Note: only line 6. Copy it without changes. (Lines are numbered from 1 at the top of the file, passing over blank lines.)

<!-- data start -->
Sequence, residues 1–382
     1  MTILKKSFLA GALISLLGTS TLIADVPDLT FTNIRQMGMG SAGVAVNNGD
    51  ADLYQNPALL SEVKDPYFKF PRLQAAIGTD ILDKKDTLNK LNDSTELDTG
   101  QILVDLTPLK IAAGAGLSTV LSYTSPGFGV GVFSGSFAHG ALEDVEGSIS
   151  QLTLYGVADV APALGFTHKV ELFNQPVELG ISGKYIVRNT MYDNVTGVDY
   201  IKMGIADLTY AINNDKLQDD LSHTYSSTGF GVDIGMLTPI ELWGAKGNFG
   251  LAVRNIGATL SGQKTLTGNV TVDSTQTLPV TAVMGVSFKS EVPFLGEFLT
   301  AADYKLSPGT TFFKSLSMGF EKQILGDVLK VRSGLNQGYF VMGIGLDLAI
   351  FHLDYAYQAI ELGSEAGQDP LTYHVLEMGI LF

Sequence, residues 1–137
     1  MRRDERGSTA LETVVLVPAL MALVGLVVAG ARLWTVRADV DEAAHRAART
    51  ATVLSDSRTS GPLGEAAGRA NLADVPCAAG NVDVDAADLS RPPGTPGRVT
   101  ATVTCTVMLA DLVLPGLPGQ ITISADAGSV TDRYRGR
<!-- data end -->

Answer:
   201  IKMGIADLTY AINNDKLQDD LSHTYSSTGF GVDIGMLTPI ELWGAKGNFG